Our plan of attack this year was simple. We allowed each team-members’ strengths to shine: her, with her intuitive nature and tendency to pick up on non-maze specific details like, “There’s a lot of talking coming from that direction…I’ll bet there’s a checkpoint there.” Me with my methodical mapping of every corn corridor we traversed. We kept our focus, stuck to our game plan, and immensely enjoyed the afternoon together until we reached all the checkpoints. Then we picked out a pumpkin together and basked in our accomplishment into the evening. Together, the totality of our victory exceeded the sum of our individual contributions.
If you’ve read this little blog off and on, you could probably piece together that this summer was my fifth wedding anniversary. And if you did happen to notice that, you should have emailed to remind me, because I have a tendency to forget dates. I did not forget this one, however.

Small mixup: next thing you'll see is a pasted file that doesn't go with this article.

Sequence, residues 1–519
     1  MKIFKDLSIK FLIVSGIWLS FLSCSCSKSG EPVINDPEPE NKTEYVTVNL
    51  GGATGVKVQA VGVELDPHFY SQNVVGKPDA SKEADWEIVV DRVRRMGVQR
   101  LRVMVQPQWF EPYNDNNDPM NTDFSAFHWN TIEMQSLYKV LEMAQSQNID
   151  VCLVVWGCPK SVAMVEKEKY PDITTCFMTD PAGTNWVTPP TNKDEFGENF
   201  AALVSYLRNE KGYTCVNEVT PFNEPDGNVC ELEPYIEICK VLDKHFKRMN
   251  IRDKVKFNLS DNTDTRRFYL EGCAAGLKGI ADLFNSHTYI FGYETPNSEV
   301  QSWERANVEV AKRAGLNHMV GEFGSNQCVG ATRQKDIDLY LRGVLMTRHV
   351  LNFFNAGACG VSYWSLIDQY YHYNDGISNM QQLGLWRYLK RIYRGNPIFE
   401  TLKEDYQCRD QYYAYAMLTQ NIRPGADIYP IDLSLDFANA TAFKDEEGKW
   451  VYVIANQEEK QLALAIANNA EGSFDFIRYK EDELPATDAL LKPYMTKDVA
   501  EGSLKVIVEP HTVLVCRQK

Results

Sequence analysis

After some consultation, we decided to do something a little out of the ordinary this year. You see, the traditional gift for the fifth wedding anniversary is wood. I immediately nixed the idea of the big wooden fork and spoon to hang up in the kitchen of our duplex. We started thinking about houses. We have actually talked about them for a long time; we even designed a beauty of a home using some architectural software. Things just have never been right for us to take that plunge.
There was no putting it off this year, though. Conditions have never been better to purchase a wooden anniversary structure (with three bedrooms, an unfinished basement, and a nice lawn). So it happened that our present to each other was a home.